Volume. XXII, No. 34
Sunday, 17 February 2008

From the Pastors Heart: Disturbing Books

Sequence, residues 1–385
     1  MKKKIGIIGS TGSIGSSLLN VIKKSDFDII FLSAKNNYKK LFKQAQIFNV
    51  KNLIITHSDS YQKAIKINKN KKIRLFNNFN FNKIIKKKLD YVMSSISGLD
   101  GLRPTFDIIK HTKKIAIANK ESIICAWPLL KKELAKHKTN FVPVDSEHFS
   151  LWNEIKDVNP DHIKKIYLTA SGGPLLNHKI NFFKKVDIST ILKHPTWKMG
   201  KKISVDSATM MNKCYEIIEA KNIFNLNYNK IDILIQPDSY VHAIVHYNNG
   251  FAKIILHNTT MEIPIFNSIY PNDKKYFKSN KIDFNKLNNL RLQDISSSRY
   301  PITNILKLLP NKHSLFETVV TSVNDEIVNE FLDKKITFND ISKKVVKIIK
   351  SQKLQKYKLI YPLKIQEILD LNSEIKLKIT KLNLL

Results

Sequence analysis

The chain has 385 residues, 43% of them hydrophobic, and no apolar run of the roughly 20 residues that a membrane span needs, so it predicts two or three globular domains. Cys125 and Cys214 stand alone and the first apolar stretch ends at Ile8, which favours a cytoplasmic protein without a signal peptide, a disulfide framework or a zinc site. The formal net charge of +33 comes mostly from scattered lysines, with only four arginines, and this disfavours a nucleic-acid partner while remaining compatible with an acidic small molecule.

Reading Roger Oakland’s book, Faith Undone, is a disturbing experience (Lighthouse Trails Publishing, 2007).  Another book, Deceived by Purpose, is equally disturbing (Warren Smith, 2nd ed., Mountain Stream Press, 2004).  Both books expose many faults of a new movement called “The Emerging Church” and many popular preachers.  What disturbs me is that light is being called as darkness, and darkness as light in our churches according to these books.  Professing Christians are flocking to certain churches and popular preachers without spiritual discernment.  A recent 60 Minutes video clip shows Joel Osteen, Pastor of Lakewood Church in Texas.  In his recent interview with 60 Minutes program in America, he was known to be a preacher not mentioning the name of God in his messages.  His messages are named as Prosperity Gospel, but tens of thousands of people are coming to hear him.  He has been accused as misleading his people and being shallow in his teachings.  It is hard to believe that professing Christians are satisfied by hearing messages without the name of God.  It may be a sign of shabby and shallow Christianity for today.  Those two books I have mentioned have given us plenty of warnings against new trends in Christian churches and false teachings.  For example, Oakland says (p. 16), “Emergent leaders say the Christian faith needs to be reinvented or reimagined for the 21st century.  They insist that a new faith and a new kind of church must be established in order to reach this generation.”  Behind this movement, there are a few influential individuals such as Peter Drucker. He believed that “people’s needs supersede doctrine or institutional structure” (pp. 27-28).  Interestingly enough, in his book Landmarks of Tomorrow, he uses a few terms profusely such as purpose, emergence, new frontier and discipline.  Probably, you have heard those words somewhere and must have noticed that some popular books do carry those words quite frequently.  I hope that you will be familiar with names such as Leonard Sweet (professor of Evangelism at Drew University) who was voted as one of The 50 Most Influential Christians in America in 2006.  Rick Warren joined him in 1995 for an audio series titled Tides of Change (p. 30).  Sweet talks about his spiritual journey and mentions about New Light Leaders in his book, Quantum Spirituality: A Postmodern Apologetic.  He names such people as M. Scott Peck, Matthew Fox, Willis Harman, and Morton Kelsey in his book.  One interesting commonality of these individuals is that they are all well known New Agers (p. 32).  One of the people mentioned is Matthew Fox who said, “I foresee a renaissance, ‘rebirth based on a spiritual initiative’ . . . This new birth will cut through all cultures and all religions and indeed will draw forth the wisdom common to all vital mystical traditions in a global religious awakening I call ‘deep ecumenism’” (The Coming of the Cosmic Christ, 5).  He also said that “‘Cosmic Christ’ (as opposed to the historical person of Jesus Christ) resides in all humans” (p. 33).  Such ideas will lead the readers to universalism.  If Christ resides in all humans, who is not going to be saved?  Or, it makes all religions ways to go to heaven.  There is no exclusiveness of Christian faith and truth.  Zondervan Publishing House has been a vehicle to spread the teachings of the emerging church moment.  “Rich Warren says” that “he is Murdoch’s pastor” (who is the owner of the Zondervan Publishing House) [Malcolm Gladwell, “How Rick Warren Built His Ministry,” New Yorker, September 12, 2005], and Murdoch “received a ‘papal knighthood’ from Pope John Paul II for his donation of large sums of money to the Catholic Church (p. 36)